Hi Guest!
Contribute to this record

Charles White

Charles White, one of 200 convicts transported on the Mermaid, 02 December 1829

Name, Aliases & Gender

Name: Charles White
Aliases: none
Gender: m

Birth, Occupation & Death

Date of Birth: -
Occupation: Butcher
Date of Death: -
Age: -

Life Span

Life span

Male median life span was 53 years*

* Median life span based on contributions

Conviction & Transportation

Sentence Severity

Sentence Severity

Sentenced to 7 years

Crime: Pig stealing
Convicted at: Middlesex Gaol Delivery
Sentence term: 7 years
Ship: Mermaid
Departure date: 2nd December, 1829
Arrival date: 7th May, 1830
Place of arrival New South Wales
Passenger manifest Travelled with 199 other convicts

References

Primary source: Australian Joint Copying Project. Microfilm Roll 89, Class and Piece Number HO11/7, Page Number 246
Source description: This record is one of the entries in the British convict transportation registers 1787-1867 database compiled by State Library of Queensland from British Home Office (HO) records which are available on microfilm as part of the Australian Joint Copying Project.

Did you find the person you were looking for?

If Charles White was the person you were looking for, you may be able to discover more about them by looking at our resources page.

If you have more hunting to do, try a new search or browse the convict records.

Know more about Charles White?

Contribute to this record

Community Contributions

Maureen Withey on 1st April, 2021 wrote:

Old Bailey Proceedings Online (http://www.oldbaileyonline.org, version 8.0, 01 April 2021), January 1829, trial of CHARLES WHITE (t18290115-46).
CHARLES WHITE, Theft > animal theft, 15th January 1829.

311. CHARLES WHITE was again indicted for stealing, on the 4th of October , 7 live pigs, price 16l. , the property of Sarah Colwin .

SARAH COLWIN. I live in Salamanca-place, Lambethbutts, and deal in pigs . On the 4th of October last, the prisoner, and a man named Samuel Lee, came to my house - two neighbours brought them into my yard, and asked me if I had any pigs to part with; I agreed to sell them seven pigs for 16l. 12s. 6d. - they were to be paid for and delivered the same day; I was to receive the money, when they were delivered, at White’s place, in Leather-lane, Holborn - the prisoner and Lee agreed to pay for them on delivery in Leather-lane; I, and my boy took them in a cart the same day - we put them up a gateway just below White’s door - I left the boy with the cart, to take care of them, while I went to receive the money; I saw both White and Lee in the house - it was a very wet day; I sat down some time, and had some refreshment - some time passed, and Lee went out with White’s son; we had some bread and cheese and porter - Lee went out, with White’s son; my boy, Mack, came to me, and told me, in the prisoner’s presence, that Lee had told him the pigs were settled for - they had not offered me a farthing in payment; I stopped there till Lee came in, which was in about half an hour - he did not say what had become of the pigs; Lee said, in the prisoner’s presence, “I have got nothing but a 50l.cheque (putting his hand into his left-hand pocket), if you can give me change?” White went over to the public-house to see if he could get change, as he said, but he did not take it with him - Lee did not give it to him; he came in again, and said he could not get change; White sat down and said, “We must draw up a bill,” and sent his eldest daughter out for a stamp, and drew out the bill: I did not at that time know the pigs were gone - my only reason for selling the pigs was to settle with my landlord for my quarter’s rent; I told him so, that money I must have, and I could not go out of the house without it.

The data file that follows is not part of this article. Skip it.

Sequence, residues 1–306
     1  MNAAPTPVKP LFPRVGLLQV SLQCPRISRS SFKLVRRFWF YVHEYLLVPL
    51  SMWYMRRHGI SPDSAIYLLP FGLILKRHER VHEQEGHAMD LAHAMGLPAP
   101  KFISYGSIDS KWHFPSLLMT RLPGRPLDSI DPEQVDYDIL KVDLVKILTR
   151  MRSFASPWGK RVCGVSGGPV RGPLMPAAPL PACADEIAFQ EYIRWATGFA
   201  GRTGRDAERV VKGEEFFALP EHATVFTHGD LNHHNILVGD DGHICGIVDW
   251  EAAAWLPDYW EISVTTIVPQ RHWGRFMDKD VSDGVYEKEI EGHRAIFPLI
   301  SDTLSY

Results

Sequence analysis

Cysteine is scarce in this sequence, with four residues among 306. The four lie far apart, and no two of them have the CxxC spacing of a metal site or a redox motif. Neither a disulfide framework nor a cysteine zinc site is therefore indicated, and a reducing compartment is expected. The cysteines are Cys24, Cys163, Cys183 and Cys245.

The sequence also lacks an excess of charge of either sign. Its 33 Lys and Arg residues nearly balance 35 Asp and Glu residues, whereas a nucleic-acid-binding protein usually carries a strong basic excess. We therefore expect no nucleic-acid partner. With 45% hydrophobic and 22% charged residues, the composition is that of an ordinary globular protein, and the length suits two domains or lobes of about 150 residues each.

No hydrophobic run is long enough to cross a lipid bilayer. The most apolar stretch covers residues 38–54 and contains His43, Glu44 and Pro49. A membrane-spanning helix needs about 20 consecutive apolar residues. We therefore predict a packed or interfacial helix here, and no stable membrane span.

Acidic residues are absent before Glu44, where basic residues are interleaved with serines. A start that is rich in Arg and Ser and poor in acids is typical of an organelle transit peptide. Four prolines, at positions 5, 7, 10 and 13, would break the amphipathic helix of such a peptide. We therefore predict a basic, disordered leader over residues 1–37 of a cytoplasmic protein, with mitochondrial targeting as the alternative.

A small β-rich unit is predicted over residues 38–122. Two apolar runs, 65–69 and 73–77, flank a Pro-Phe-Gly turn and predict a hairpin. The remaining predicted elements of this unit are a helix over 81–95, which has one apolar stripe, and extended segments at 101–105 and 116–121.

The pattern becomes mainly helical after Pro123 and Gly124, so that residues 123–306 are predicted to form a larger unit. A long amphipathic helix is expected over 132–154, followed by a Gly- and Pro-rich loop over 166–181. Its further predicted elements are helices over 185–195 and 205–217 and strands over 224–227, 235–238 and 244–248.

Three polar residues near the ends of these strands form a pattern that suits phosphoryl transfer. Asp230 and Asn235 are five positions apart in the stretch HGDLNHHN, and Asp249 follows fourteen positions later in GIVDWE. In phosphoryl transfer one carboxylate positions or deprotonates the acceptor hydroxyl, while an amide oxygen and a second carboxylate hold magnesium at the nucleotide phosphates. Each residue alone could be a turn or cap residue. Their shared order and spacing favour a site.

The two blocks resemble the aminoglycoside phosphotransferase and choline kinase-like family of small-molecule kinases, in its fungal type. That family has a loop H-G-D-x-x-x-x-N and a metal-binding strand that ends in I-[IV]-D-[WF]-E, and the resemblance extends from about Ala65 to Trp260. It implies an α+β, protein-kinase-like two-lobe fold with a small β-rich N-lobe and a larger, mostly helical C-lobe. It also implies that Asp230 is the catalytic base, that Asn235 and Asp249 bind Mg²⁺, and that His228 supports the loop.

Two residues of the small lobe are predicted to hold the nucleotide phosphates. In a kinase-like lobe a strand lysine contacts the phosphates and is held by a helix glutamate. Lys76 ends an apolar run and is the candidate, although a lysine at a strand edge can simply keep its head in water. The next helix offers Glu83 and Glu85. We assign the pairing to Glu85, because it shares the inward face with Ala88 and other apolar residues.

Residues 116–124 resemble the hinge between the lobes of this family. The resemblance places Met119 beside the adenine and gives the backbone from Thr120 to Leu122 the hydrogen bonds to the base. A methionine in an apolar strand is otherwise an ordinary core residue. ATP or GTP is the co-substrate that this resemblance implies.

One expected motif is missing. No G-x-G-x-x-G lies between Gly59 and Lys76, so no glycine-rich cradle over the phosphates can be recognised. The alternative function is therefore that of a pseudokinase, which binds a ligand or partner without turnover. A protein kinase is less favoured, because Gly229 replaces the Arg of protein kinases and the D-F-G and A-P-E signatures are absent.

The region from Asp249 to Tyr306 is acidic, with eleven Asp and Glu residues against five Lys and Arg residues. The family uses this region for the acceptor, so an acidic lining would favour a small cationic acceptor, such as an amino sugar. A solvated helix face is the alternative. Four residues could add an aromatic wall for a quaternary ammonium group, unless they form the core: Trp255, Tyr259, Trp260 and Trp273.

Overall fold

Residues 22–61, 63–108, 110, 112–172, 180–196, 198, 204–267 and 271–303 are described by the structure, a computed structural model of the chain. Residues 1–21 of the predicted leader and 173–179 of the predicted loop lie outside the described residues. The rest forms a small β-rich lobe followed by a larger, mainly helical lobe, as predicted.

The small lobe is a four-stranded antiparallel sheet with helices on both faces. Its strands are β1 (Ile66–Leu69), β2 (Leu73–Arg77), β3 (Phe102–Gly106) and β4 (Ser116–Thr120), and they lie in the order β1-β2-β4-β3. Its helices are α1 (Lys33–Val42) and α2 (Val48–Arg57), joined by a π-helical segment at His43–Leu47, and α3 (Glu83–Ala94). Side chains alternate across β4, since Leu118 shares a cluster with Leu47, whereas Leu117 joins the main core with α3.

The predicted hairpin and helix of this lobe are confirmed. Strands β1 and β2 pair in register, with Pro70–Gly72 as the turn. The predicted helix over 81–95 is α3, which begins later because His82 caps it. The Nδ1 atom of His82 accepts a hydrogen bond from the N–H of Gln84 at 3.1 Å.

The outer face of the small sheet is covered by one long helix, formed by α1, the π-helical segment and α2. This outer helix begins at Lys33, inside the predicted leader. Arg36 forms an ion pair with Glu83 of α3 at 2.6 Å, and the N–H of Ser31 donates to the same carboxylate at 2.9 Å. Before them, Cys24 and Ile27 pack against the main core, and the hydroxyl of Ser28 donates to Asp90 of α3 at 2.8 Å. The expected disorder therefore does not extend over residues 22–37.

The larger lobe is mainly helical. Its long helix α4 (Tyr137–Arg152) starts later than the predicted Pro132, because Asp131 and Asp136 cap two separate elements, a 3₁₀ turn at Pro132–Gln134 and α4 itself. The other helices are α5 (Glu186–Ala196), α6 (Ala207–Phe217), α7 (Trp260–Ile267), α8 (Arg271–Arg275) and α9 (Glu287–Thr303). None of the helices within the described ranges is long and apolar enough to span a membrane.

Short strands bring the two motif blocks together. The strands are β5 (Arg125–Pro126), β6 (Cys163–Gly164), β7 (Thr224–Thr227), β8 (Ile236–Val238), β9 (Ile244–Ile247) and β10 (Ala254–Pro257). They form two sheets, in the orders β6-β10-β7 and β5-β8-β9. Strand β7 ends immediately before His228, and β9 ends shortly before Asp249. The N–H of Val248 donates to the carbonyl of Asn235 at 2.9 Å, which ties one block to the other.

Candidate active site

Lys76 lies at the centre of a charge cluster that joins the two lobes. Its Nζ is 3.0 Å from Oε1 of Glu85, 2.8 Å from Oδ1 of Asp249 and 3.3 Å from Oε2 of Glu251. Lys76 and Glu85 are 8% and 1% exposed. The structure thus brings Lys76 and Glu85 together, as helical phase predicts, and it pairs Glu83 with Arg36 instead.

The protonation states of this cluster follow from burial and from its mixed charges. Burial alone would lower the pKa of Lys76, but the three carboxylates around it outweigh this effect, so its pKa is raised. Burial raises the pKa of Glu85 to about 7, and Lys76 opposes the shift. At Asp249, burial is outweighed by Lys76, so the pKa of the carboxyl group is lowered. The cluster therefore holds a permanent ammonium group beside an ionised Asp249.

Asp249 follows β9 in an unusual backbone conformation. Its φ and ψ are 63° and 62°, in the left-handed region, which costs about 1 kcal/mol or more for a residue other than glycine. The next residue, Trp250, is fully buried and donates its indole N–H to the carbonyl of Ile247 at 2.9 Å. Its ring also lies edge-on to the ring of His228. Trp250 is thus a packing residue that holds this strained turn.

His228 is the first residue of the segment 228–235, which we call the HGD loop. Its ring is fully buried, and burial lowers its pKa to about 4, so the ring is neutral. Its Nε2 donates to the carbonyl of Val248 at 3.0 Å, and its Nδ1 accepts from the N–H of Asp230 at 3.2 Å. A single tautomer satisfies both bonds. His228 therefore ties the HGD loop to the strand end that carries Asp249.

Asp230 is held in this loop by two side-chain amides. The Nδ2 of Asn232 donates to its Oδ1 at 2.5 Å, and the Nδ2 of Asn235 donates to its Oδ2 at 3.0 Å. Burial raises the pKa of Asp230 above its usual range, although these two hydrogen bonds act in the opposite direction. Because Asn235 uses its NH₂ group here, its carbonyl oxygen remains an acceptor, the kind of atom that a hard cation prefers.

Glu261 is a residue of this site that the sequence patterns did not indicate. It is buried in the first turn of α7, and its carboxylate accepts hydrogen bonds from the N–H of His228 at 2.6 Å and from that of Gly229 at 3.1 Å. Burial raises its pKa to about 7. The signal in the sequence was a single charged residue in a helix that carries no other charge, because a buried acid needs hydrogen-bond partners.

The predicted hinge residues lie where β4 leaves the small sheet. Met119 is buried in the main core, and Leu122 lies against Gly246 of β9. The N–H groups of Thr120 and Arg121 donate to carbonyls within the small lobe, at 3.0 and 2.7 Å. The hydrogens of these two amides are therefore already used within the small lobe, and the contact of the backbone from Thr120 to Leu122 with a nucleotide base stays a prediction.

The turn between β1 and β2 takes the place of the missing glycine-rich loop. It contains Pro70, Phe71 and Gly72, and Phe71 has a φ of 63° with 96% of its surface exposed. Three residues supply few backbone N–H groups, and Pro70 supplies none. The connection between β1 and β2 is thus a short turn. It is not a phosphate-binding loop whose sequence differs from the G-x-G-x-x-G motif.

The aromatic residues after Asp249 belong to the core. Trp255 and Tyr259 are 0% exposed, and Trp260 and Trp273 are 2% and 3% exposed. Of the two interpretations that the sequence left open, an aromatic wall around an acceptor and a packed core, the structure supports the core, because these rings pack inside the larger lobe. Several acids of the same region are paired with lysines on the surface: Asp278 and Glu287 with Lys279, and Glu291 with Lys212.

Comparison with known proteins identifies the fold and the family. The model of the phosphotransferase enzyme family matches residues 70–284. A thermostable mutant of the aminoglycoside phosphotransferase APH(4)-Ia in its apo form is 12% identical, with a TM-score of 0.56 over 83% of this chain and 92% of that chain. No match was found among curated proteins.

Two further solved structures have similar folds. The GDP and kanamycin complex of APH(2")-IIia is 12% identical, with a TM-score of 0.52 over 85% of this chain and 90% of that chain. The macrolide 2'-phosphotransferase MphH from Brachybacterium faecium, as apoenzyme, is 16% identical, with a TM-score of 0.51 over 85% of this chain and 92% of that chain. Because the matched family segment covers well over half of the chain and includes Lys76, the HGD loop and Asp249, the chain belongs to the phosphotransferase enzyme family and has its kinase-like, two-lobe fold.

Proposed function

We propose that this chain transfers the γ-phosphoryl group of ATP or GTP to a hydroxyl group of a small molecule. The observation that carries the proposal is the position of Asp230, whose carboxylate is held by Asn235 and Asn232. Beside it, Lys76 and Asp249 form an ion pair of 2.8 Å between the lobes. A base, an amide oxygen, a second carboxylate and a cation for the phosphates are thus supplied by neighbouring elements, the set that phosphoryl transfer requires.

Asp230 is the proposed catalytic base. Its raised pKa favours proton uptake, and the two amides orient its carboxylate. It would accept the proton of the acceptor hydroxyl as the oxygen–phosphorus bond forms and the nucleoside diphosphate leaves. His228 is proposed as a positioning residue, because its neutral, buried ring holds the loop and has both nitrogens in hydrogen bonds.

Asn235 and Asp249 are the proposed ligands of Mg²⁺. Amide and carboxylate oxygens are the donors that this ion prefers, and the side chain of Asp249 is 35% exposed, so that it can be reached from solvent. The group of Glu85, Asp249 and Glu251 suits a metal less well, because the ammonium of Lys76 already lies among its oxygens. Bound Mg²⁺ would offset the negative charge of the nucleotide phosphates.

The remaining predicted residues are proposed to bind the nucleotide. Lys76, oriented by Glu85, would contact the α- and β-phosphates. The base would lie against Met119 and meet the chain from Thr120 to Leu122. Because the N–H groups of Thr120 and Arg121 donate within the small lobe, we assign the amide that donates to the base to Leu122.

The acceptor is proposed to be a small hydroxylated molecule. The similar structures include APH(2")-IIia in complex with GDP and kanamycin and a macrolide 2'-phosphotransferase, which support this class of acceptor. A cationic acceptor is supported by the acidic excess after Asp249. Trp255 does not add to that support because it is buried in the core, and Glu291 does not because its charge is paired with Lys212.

Q. Then when your boy came in, he did not tell you the pigs were gone? A. No, not till after the bill was drawn; the officer has got it - this is it (looking at it); White wrote it - Lee could not write, but put his mark to it, and made me put my mark to it.

Q.Before you received that bill. tell us what took place? A. My only object was to receive the money for my rent; I objected to take the note, for I wanted money, but at last took it, as I thought I had better take it, as I could get no money; I was to have been paid by one o’clock on Monday - I did not know the pigs were gone till Lee came in and began talking about payment; I then knew they were gone - the bill was not paid; I have not received a farthing: the pigs were worth what I sold them for; after I knew they were gone Lee gave me a sovereign as a deposit, and said that was all he had - I could not see the cart the pigs were in, in the room I sat; it was just beyond the gateway - Lee left the prisoner in the room when he went out; he was talking to me about one thing or another - I was not willing to part with my pigs without ready money, for they were my whole dependence.